Now, it is no secret that the British Royal Mail Service has had a troubled history. In recent years, the closures of local post offices, late and delayed deliveries have led to significant inconvenience for businesses and individuals alike. It has become a standing joke that holidaymakers invariably arrive home before their postcards and long lost parcels sometimes turn up weeks after a birthday has been celebrated. But this time, the service really has surpassed itself.
This week, Westminster Abbey took delivery of a rather battered, yellow-looking missive bearing a seal in red wax. The letter, addressed to King Richard, Westminster Palace, bore several marks that told of its unusual travels. Among the various stains and scratches, it had been postmarked three times: in Paris in 1789, in Lucknow in 1857 and finally, in St Petersburg in 1917. Yet experts insist that the letter was written on paper dating from the 1480s and its neat secretary hand confirms this dating.
Historian Elison Weird is very excited by the find. “There is no doubt in my mind,” she enthuses, “that this is the missing piece of the jigsaw; a letter written by Elizabeth of York to her uncle Richard III, in the early months of 1485. Its survival is a miracle. I think it was hidden away in some family papers until the eighteenth century, when someone attempted to post it and the letter began its remarkable journey.” If Weird is correct, this letter sheds fresh light on one of the most controversial relationships of the fifteenth century. Scholars have known about the existence of another letter from Elizabeth to Richard since the seventeenth century, when it was published by George Buck the younger in an imperfect form, after having been kept among the Howard family papers for years. Buck’s version suggested that Elizabeth was urging Richard to marry her, as his Queen Anne lay on her death bed, but other historians have argued the evidence is inconclusive, or points to Elizabeth’s imminent Portuguese marriage.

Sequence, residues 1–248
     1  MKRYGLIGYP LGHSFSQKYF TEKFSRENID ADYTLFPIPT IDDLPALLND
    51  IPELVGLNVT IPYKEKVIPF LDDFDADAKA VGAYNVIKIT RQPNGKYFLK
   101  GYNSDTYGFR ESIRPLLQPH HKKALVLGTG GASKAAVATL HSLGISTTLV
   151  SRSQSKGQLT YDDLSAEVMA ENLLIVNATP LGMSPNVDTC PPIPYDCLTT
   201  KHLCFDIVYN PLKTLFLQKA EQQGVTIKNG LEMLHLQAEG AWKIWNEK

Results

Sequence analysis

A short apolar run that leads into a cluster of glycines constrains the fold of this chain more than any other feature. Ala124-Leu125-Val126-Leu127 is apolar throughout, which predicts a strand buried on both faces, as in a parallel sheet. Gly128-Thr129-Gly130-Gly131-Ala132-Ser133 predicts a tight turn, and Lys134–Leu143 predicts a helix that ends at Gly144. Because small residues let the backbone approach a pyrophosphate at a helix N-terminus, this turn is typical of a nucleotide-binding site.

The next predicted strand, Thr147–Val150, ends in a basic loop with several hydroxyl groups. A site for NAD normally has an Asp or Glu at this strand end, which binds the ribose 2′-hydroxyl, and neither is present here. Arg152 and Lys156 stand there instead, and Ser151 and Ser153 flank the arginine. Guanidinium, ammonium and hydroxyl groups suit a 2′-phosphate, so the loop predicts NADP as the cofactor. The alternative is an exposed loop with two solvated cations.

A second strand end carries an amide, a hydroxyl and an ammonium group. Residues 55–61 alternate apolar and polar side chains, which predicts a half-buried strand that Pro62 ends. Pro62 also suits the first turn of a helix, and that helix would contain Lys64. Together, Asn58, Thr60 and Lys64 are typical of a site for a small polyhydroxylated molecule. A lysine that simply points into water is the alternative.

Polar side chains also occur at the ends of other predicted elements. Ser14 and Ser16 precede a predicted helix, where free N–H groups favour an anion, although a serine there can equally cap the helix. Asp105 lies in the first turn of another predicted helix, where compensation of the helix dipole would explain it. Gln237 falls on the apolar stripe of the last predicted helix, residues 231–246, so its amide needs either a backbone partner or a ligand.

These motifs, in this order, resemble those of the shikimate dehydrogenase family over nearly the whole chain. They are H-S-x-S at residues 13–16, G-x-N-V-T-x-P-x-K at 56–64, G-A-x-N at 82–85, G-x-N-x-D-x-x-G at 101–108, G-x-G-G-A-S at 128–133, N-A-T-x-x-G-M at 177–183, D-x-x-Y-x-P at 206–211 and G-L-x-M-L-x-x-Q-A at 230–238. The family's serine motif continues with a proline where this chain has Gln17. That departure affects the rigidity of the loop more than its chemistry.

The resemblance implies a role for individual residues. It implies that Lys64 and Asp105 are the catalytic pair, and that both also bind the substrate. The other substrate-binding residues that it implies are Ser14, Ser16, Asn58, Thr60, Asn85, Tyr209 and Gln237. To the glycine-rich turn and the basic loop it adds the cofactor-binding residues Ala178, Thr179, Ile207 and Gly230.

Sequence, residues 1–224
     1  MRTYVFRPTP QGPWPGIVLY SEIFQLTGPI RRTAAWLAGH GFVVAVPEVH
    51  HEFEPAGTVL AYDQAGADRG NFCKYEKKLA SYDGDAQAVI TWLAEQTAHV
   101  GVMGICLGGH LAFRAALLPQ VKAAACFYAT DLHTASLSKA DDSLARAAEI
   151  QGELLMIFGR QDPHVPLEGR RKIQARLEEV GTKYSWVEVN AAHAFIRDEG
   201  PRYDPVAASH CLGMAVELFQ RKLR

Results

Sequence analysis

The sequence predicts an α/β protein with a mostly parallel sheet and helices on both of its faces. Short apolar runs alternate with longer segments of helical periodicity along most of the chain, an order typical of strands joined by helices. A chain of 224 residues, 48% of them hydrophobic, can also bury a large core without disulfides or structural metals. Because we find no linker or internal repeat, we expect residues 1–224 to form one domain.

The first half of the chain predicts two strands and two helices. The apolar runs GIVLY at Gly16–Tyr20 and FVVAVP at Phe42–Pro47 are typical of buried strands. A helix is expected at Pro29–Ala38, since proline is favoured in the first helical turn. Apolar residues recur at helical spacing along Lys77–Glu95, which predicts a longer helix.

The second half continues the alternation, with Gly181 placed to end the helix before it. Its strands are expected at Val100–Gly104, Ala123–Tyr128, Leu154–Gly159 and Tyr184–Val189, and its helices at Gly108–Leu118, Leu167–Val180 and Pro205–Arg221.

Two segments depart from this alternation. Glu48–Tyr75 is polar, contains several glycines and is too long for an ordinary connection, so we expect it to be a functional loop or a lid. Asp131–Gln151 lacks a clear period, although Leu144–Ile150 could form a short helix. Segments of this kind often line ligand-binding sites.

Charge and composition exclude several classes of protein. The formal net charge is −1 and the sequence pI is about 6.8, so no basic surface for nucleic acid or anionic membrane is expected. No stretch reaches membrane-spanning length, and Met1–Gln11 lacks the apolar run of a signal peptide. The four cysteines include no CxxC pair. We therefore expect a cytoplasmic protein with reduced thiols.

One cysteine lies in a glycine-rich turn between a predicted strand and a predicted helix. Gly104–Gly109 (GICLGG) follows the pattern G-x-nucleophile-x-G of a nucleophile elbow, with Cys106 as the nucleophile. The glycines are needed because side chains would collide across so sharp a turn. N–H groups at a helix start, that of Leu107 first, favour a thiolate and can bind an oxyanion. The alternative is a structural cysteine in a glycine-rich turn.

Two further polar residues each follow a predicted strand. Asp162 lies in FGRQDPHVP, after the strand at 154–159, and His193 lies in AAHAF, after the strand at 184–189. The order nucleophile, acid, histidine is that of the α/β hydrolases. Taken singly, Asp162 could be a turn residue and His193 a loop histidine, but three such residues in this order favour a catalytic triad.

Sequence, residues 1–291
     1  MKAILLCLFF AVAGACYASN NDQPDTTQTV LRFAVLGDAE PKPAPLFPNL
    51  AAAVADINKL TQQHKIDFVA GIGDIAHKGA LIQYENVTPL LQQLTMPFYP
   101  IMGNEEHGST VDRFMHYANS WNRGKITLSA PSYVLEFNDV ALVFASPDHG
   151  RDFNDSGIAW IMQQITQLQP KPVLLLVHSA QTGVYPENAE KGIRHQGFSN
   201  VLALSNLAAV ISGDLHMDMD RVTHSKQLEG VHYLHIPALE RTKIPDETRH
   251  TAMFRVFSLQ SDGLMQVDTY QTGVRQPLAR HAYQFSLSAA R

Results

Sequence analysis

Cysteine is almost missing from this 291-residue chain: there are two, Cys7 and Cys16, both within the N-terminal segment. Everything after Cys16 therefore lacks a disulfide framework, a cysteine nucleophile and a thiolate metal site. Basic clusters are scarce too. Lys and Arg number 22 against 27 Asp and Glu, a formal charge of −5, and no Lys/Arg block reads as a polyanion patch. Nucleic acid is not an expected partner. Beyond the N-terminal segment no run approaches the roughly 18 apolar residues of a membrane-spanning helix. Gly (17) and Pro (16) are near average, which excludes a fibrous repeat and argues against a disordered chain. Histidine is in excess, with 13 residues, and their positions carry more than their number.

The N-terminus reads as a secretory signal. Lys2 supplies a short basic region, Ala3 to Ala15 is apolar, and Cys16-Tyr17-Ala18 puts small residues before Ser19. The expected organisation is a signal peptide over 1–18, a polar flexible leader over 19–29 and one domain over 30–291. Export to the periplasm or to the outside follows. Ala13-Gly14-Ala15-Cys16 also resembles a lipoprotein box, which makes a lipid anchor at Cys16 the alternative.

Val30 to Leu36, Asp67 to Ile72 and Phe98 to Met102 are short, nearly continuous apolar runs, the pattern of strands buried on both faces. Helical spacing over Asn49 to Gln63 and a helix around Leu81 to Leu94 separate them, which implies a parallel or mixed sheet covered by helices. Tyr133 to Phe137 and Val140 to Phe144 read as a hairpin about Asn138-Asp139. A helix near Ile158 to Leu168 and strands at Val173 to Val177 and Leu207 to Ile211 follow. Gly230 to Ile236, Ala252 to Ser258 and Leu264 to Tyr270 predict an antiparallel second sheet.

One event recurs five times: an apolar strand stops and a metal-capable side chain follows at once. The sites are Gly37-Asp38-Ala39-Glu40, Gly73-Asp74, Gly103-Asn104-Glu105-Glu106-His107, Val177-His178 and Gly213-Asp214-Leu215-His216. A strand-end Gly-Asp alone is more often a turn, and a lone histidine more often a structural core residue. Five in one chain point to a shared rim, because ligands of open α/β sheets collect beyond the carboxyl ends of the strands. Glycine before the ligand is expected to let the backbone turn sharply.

Queen Anne died on March 16 and tongues must have been wagging at court. Richard did issue a public declaration to quash rumours that had arisen regarding a marriage between him and his niece. He sent Elizabeth north to his castle at Sheriff Hutton and probably never saw her again. He was killed in battle at Bosworth Field that August and she married his conqueror, Henry VII. Yet this new letter shows in shocking detail that the affair was real. Historians will have to rewrite Elizabeth’s character, previously whitewashed as a paragon of passive virtue, to take her passionate words into account.
Thank you to the Houses of Parliament and to Elison Weird, who have assisted me and given their kind permission for the letter to be quoted here in full. The punctuation is a modern addition, to assist meaning.
I commend me unto you, in the memory of your promises, with all I have, body and soul, and all that I am, is all for you. Since our last meeting, when my gracious King was so kind as to show me great favour, things have been well with me according to the will of God. But I wax impatient for the time when I can be in your arms again, and we can make arrangements for our future together. You have been the kindest uncle and best friend a girl might ever ask for. You have been my treasure, my uncle Dicky, my dear one. You have raised me from desperation into the reach of the throne. Nothing less than your love would have convinced me to deny my mother and refuse her sanctuary, or to ignore the pleas of Lady Margaret and her rat-faced son, or to give the orders for the smothering of the brats. Do not forsake me, darling Dicky. Speed to your wife’s side and fill her cup with the brew the apothecary gave you. Make her last hours comfortable then hurry to my bed again. I will keep it warm for you, against the dawn of our coronation. Yours in devotion and blessed hope of eternal love, Elizabeth.
The descendants of Elizabeth of York have yet to comment, and we await their decision regarding compensation.
Westminster Abbey, insider contacts with the Special Records Office.
The Idylls of the King Alfred, Lord Tennyson
Blog, Elison Weird
The King and I film
The Precipice Eileen Dover
Jeff R Vescent has embarked on a study of historical responses to satire as a superior manifestation of wit and concealed super powers.
He is a proud member of the Secret League of Jeffs, seconded from real life in the name of services to history and humour.